these students in his jail were the same students who had been in jail in Nashville during the sit-ins. I knew he was going to get nights a prayer and singing. Ah that a jail all night long was going to be disrupted that the jailers wouldn't sleep at the inmates' wouldn't sleep. Um, these kids were right where they expected to be. They weren't intimidated by jailing, they'd been there before. I couldn't explain that to 'em. Um, I make contact with the FBI agents in birmingham and met with Fred Shuttlesworth who was the minister for the southern christian leadership conference in Birmingham and and he was making an effort to visit them and to get a out. I guess was the second night in birmingham. Still no
contact with the governor. And the FBI call me at the motel and woke me up and said, the freedom riders have all been taken out of jail. I said, kidnapped and he said, well we think commissioner Connor it has taken them in a motorcade. And I though, "my god they're gonna kill 'em." I didn't think "Bull" Connell was above that. I knew who "Bull" Connell was. And, um, so we were all, I was desperate. and, uh, of course, what had happened was that, uh, "Bull" Connell had gotten tired of having them in his jail. He wanted to get rid of them.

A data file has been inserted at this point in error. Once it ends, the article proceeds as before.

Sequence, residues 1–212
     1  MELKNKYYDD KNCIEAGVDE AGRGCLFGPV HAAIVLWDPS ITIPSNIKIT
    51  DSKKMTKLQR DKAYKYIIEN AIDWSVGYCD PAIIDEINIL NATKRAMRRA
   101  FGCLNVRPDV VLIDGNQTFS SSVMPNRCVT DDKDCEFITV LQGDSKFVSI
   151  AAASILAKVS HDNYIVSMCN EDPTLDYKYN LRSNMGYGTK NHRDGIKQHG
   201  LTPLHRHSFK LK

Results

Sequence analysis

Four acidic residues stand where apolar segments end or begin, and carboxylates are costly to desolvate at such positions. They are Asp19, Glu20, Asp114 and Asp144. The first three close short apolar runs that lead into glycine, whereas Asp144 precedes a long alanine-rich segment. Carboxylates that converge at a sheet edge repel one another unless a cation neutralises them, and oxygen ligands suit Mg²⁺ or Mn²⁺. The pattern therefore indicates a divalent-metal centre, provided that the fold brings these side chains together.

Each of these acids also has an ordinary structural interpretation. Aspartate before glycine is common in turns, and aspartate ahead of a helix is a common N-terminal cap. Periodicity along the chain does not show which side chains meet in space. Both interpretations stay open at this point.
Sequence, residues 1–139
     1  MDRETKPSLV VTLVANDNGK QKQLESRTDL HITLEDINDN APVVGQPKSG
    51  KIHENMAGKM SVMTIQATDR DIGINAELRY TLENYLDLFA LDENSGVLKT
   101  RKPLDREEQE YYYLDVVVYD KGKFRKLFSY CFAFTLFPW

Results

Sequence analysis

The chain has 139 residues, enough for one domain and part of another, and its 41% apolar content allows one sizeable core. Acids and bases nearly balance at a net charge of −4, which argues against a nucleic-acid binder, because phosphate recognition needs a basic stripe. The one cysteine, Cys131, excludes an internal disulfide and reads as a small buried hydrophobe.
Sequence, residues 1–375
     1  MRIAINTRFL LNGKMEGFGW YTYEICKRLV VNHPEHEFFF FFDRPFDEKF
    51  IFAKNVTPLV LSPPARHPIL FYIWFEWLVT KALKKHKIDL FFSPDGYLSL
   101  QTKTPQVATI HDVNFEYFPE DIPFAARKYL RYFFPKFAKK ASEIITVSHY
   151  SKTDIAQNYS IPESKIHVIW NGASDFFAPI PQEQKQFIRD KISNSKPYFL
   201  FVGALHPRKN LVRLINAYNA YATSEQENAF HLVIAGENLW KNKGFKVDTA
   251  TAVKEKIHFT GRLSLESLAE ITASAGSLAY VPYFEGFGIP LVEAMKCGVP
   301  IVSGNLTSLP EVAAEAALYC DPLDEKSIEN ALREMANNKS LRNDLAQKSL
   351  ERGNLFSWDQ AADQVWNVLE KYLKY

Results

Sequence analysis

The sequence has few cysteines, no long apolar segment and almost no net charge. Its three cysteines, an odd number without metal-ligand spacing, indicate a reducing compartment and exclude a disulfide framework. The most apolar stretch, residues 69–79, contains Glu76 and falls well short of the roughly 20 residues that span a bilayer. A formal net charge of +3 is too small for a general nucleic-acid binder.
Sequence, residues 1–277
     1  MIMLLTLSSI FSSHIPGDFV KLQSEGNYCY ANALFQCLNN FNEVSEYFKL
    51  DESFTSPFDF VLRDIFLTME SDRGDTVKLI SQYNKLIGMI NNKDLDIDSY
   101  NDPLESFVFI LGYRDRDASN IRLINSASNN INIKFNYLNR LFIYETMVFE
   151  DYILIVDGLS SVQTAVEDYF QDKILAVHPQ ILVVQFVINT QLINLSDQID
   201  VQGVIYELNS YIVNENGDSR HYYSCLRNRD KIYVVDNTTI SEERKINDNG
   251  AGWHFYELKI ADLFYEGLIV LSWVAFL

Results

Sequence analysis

And they wouldn't make bond. Fred Shuttlesworth had already made an effort to make bond for'em. They wouldn't make bond, and, uh so he, ya know, he took'em back to Tennessee line and dumped 'em. (unintelligible) [host]: 've just want you to give me that, just a little bit more ya know, of ya know, "Bull" Connell got tired of them and tired of this thing (unintelligible overlap) self and and just put them in cars and took 'em to (unintelligible) So what had happened? [guest]: So, what had happened was that the that book on assembly gotten fed up with the freedom riders, uh, peaceful, and non-violent, uh but agitating. They stayed up all night and they sang and they prayed and they talked and they, it aggravated him. And he said, I gotta get rid of this, ya know. And so he